With the smallest holed disc inserted, the food mill can yield very fluffy potatoes.

For making creamy soups

A food mill excels here. When the cooked, roasted, or steamed ingredient is processed with the food mill, the texture that would be achieved will be more airy and Lighter than what a blender will do.

For making spaetzle

Easily make that homemade noodle wish without wasting much effort

For making baby food

Avoid mill is essential when it comes to making baby food. Simply cook your food and then run it through the food mill to puree very quickly.

For grounding meat

The features of the food mill also extend to grinding your cooked leftover meat. You do not have to own a meat grinder to achieve this.

For making bean dips

From chickpeas, pinto beans, black beans, cannellini beans, etc can be easily processed into a smooth consistent paste by the food mill while also removing the skin.

What is a ricer used for?

Although the ricers features are limited, it is still helpful for all kinds of kitchen tasks.

For ricing /mashing potatoes

This is the most common use of the turns the potatoes into thin fine shreds resulting in a lighter and fluffier texture. Using the ricer enables the potatoes to be smashed only once as this way the cell wall of the potatoes is less likely to break open.

Frozen spinach

Frozen spinach is known to retain water thereby potentially making your food watery if solve this problem, put the thawed frozen spinach in the ricer, and squeeze it. This removes way more water if it was done by hand.

For mashing carrot and cauliflower

The potato ricer doe not just mash only potatoes. The cooked mashed cauliflower ends up looking similar to mashed potatoes. Consider using it to mash carrots.

For mashing eggs for egg salad

Save your self the effort of dicing or mashing the eggs by hand, easily just put the hard boiled egg in the potato ricer and start mashing.

For tomato sauces

Not only the food mill, but the ricer is also handy here too. Cooked tomatoes can be put in the ricer to remove the skin.

What I like about the food mill

The food mill like we have established is a very extensive kitchen tool. What I like about the food mill is it goes beyond just mashing potatoes. It purees and strains together soft foods. Not only does it remove seeds and peel the skin from fruits like berries and apples for jams, skin from peppers for pureeing, removing the skin and seed from tomatoes, it also makes soups, spaetzle and so much more.

I love how I do not have to use any store bought tomato for my tomato sauces or apple sauce as I can just bring out my food mill and process a fresh batch ready to use or can it for storage. The perfect equipment for someone looking for a simple substitute to a blender or a food processor.

What I dislike about the food mill

With all the amazing functions the food mill has, there are quite a few draw backs to owning and using one. I found that it can be quite bulky thereby taking up kitchen counter top space.

The food mill unlike the ricer can not fit into any kitchen drawer. The interchangeable disc proved to be a hassle when assembling and dissembling and it was a little bit hard to clean making me rethink using it when preparing a quick late night dinner.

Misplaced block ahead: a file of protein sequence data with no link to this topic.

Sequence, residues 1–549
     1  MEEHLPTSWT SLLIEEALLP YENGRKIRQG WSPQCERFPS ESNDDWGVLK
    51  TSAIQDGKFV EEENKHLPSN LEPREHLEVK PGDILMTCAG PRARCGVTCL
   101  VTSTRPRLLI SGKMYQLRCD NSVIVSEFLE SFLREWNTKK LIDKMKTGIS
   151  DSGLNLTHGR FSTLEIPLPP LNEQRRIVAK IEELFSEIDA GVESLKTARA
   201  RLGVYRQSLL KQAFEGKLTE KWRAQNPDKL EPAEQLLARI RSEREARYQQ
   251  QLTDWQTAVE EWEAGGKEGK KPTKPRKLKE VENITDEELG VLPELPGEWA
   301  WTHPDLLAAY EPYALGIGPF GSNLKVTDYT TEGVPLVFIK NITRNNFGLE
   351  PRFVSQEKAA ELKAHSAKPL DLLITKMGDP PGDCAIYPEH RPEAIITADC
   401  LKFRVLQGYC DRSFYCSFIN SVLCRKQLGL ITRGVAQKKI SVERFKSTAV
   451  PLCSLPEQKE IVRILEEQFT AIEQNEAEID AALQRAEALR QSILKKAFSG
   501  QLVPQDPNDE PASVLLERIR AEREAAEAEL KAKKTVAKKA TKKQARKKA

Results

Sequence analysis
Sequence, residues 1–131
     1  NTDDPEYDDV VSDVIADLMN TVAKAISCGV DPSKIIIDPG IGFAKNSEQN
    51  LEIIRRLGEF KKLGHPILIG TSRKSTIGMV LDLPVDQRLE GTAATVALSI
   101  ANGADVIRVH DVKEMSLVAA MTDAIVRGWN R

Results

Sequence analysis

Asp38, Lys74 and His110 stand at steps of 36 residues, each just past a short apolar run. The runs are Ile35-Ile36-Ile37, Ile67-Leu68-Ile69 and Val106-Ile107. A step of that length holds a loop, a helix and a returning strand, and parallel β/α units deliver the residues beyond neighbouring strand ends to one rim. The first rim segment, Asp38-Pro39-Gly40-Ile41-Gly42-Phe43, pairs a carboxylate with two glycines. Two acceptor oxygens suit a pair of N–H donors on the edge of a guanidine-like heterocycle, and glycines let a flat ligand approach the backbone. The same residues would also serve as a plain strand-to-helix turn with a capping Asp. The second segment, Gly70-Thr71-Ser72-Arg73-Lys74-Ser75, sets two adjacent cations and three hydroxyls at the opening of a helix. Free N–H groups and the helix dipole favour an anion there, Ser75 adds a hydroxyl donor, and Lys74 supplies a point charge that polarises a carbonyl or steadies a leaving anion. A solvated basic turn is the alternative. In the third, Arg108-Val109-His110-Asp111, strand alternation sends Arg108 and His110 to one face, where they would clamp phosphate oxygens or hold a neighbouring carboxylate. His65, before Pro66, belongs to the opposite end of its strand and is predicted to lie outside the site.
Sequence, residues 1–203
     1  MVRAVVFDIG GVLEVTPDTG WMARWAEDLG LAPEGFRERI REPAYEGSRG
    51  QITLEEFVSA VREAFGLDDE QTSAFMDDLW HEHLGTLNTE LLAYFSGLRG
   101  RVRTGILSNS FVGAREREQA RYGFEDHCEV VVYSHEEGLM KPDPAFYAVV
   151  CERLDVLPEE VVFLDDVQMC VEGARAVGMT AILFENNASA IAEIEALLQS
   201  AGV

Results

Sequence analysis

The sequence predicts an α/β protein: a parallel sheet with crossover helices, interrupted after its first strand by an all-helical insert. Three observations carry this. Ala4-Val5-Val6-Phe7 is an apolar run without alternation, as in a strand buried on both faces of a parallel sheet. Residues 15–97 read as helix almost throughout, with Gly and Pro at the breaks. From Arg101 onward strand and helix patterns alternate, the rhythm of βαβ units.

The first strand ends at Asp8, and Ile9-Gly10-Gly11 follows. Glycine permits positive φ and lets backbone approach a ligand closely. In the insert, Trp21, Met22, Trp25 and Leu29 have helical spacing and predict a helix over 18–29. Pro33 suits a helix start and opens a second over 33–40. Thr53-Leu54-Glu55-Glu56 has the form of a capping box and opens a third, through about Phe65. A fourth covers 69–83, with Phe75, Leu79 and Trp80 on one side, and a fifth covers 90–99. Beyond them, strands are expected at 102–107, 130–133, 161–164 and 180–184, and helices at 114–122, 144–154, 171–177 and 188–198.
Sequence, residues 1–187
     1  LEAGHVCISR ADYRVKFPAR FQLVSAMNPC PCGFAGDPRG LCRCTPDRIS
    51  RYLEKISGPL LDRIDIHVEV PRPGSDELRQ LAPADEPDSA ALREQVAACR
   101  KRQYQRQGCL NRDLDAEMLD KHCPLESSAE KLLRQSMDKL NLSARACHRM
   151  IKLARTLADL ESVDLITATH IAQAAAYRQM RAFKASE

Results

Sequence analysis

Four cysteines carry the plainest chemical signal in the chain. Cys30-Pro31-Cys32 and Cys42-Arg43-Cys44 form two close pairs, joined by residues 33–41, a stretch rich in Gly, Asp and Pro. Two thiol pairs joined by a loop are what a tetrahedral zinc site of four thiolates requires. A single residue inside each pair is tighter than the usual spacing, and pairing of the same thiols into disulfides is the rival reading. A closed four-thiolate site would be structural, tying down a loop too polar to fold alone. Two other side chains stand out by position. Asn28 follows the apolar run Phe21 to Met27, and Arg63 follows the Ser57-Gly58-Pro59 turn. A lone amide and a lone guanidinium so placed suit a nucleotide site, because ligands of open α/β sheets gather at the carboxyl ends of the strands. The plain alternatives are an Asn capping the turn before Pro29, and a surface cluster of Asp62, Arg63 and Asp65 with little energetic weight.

Most people will agree to not like the texture of the mashed potatoes done by a food mill and some models of food mill made for home use can be flimsy. I would advise opting for a commercial food mill as they are very sturdy.

What I like about the ricer

Now what I really love about the potato ricer is the way it breaks down the potato into a fluffy and smooth mash without rupturing the cells more than once as they are processed through the perforated base unlike the food mills, whisk, stand mixers, or even the potato masher.

The way the ricer processes the potatoes makes sure they would not come out being gummy but instead fluffy and light. I also like that not only is the ricer easy to use and clean, there are few parts and very little assemble needed to be done. It is also very cheap and compact making it easy to be stored in any large drawer or cabinet.

What I dislike about the potato ricer

The potato ricer although some people and myself include will argue that it is not a unitasker, it is still limited as it is designed to work on potatoes. The potato ricer was not built to handle food that has tough fibers and cell walls so even though you can use it to puree some soft food, most vegetables needs something more forceful.

But it was designed as a unitasker So if you really love mashing, then it is best suited for you. Along with the fact that it has limited functions, the ricer can only handle one Potato at a time and this is not efficient when preparing large quantities of mash

Can a ricer be used instead of a food mill?

The ricer can be used as a food mill substitute especially when dealing with small batches of potatoes. Not only mashing potatoes, but it can also be used to puree some vegetables as well and it works for cooked tubers, squash, and some dense fruits like apples. with that in mind, it does not work well with juicer fruits or vegetables like oranges or tomatoes.

Can a food mill be used instead of a ricer?

The food mill can be used as a substitute for the ricer. The ricers main feature is to mash potatoes which it does very well but when you do not own one, a food mill can do the task.

Although it is more aggressive than the ricer, it will produce a super smooth and fluffy texture.

In conclusion

We have already established that the food mill and ricer are not the same thing. While showing what they both are used for, I also talked about what I like and disliked in them. When you want to purchase either of them, it should solely depend on your kitchen, recipes, and the one that suits you best.